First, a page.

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  #6  
Old 06-11-2003, 10:07 PM
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bearing woes

HI All,

Great advice and insights.... thanks....

One more thing, what's the best way of testing/isolating this problem i'm having. should I jack the car up and rotate the tires?

thanks again....
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sjsfiji

'87 W124 260E (DD)
98K orig. mi. @7/15
CLK 7-Spoke Forged Wheels
Neuspeed springs/Bilstein Sport
4/3 bump (F/R)

'97 993 Carrera
106K orig. mi.
Always driven like it's stolen
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  #7  
Old 06-11-2003, 10:53 PM
I told you so!
 
Join Date: Jun 2002
Location: Motor City, MI
Posts: 2,791
Unfortunately, there is no good way to isolate this problem. It takes a good ear and a willingness to take the shotgun approach to repair. If you jack the car up, the load pattern on the bearing is changed. Any spall in the load area now doesn't see any load. So that doesn't work.

If you will be repacking the bearings, there are a few rules to follow:

All old grease MUST be washed out of the bearing. Bearing must be dried.

The bearing must be thoroughly examined. If it is less than perfect it must be replaced. Bearings are replaced in sets (inner race, outer race, & rollers). There are two sets per front wheel.

Setting the preload (bearing play) is critical. It must be done right! A dial gauge is the preferred method. But you can get by setting it by hand. To set the preload, tighten the nut snug (~40 ft-lbs) while rotating the bearing by hand. This'll squeeze the excessive grease from the contact surfaces and seat the bearing assembly. Back nut off nut until loose. Then tighten finger tight. Lock the nut. Preload should be good.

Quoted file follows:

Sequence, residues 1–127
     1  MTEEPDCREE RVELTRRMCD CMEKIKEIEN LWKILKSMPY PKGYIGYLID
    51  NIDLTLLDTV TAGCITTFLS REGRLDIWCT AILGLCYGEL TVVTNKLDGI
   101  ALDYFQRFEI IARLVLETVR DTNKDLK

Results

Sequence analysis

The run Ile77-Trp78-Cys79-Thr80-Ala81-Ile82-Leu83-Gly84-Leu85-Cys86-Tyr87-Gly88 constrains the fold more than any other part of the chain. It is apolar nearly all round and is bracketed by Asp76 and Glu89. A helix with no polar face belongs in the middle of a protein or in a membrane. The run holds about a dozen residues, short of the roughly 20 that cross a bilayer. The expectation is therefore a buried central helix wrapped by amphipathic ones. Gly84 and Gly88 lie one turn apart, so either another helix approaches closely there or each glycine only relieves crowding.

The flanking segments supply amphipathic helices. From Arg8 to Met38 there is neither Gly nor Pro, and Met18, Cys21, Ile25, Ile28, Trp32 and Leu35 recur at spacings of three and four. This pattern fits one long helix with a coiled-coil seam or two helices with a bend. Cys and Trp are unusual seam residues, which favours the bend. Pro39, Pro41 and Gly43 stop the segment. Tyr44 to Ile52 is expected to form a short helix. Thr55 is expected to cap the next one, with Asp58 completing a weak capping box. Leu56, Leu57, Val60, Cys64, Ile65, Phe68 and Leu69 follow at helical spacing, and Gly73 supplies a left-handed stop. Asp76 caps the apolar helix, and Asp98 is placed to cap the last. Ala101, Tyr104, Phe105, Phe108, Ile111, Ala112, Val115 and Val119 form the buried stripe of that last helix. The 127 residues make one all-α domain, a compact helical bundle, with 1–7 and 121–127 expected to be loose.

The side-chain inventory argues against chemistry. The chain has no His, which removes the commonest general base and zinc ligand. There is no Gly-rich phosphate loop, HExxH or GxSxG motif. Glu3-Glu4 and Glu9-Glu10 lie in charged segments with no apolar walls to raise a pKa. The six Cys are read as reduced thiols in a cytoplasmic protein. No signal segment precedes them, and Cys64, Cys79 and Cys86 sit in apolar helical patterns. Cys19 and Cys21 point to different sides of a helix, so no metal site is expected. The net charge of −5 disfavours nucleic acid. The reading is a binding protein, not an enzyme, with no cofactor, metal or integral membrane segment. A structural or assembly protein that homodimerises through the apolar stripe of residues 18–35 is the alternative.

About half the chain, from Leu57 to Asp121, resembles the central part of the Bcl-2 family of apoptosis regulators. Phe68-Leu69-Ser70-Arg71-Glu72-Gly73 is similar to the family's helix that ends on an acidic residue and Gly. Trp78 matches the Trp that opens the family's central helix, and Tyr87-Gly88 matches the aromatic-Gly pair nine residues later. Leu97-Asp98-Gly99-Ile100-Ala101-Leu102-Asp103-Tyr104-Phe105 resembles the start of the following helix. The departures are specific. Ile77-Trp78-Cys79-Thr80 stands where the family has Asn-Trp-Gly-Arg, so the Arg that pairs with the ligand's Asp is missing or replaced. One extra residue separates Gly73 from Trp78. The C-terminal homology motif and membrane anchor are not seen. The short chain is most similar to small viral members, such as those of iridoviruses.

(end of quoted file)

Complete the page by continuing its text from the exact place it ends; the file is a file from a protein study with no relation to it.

Bearings cannot be nicked, scratched, or corroded or the bearing is ruined. Even excessive polish is bad. Anything less than the original hone finish and the bearing is unfit for further use. Bearings cannot be hammered in such a way that the force is transmitted across the rolling contact surfaces.

You should get yourself a manual to learn how the repack a bearing with grease and how to exchange races from the hub.
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  #8  
Old 06-12-2003, 11:09 AM
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"One more thing, what's the best way of testing/isolating this problem i'm having. should I jack the car up and rotate the tires?"

Yes, though if you suspect a particular 'corner' as the source, just rotate that one tire elsewhere. If that is the cause, you'll notice the sound source moved as well. If it is the bearing, you won't.

If a bearing, I have also found it easy to tell off the ground by rotating it. However, the pads must be removed, and axle if a drive wheel. This is also best done if directly compared to a good bearing, e.g. doing the same thing with the one directly across the vehicle.

I once found a bad rear bearing in my Integra (fwd) just while replacing the rear pads. Rotating one felt a tad rougher and swooshier than seemed right. Checking the other side confirmed it. It was not even noisy enough that I had noticed it while driving, but I DID notice something was missing from the sound envelope afterwards (not a real quiet car).

Steve


Steve